Mr Counsel, who has a serious heart condition, was one of the first to be evacuated out of Mallacoota, via Black Hawk helicopter.
When he arrived home a few weeks later to a pile of ash, he found himself contemplating homelessness for the first time in many years.
Six weeks later and he –along with many other residents who also lost their home – is in what he describes as an “ongoing state of limbo”.
He has found it impossible to secure a roof over his head.
“We are in a crisis housing situation, there’s plenty of empty holiday houses but there’s no
rental accommodation,” Mr Counsel said.
Mallacoota Real Estate agent Kerri Warren said that while many holiday home owners had
been generous, there was still a “situation” when it came to finding permanent housing for locals.
“There is a definite uncertainty with property. Some leases are for a period of 12 weeks only.
“Tenants don’t have time to unpack their suitcases. The town has gone from a low homeless
rate to a substantial number,” Ms Warren said, adding that males aged 30 to 50 had
been the hardest to find housing for.
“You could have a perfect tenant and the perfect rental but when the owners find out it’s
for a single male, their mind changes very quickly. It’s something I don’t understand, they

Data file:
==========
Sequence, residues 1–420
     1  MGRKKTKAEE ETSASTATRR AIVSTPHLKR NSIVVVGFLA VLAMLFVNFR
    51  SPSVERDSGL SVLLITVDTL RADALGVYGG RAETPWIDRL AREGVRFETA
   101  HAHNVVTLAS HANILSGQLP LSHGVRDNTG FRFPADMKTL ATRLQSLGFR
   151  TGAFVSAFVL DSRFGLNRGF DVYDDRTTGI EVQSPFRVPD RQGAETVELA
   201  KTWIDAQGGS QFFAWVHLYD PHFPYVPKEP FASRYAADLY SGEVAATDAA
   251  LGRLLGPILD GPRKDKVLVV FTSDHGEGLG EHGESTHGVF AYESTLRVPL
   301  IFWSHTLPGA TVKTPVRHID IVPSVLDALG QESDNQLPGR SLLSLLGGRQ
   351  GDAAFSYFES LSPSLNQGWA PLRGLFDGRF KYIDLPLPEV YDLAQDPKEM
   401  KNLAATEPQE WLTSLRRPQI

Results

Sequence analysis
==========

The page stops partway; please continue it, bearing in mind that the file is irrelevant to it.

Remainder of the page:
are all good tenants.”
For those who haven’t found permanent housing there is a sense of helplessness in the air,
including some who are contemplating leaving town altogether.
One 50 year-old-male resident, who askednot to be named, said he’d had three houses fall
through before he was able to secure a last-minute lease, hours before he’d decided to
leave Mallacoota for good.
“I had my bags packed. I consider myself extraordinarily lucky. As much as anyone wants to
help me no one has an extra house up their sleeve,” he says.
Others are thinking of buying just to be able to stay in town.
With lack of success securing a rental, Don Ashby is considering buying a house to get the
family through the next couple of years.
After the fires destroyed their home, they set up camp in the front yard of a relative’s
Now, six weeks on, sitting in a deck chair underneath a sagging shade cloth that hangs
between two caravans and a bed sit, Don says he’d hoped they’d be settled somewhere by
“It was OK for a few days, but not longer,” he says, slapping a mozzie off his arm. “I imagine
when the rains come it’ll be hell on wheels.
“We’ve got to have somewhere to live where we can spread out and get on with our lives.”
Brooke Robinson also dreamt about buying just to have some space.
Although top and tailing with her 15-year-old son in a friend’s bungalow isn’t exactly the
ideal situation, she still considers herself one of the lucky ones.
“The select few,” says Brooke. “At least we have a place we can call home … for now.”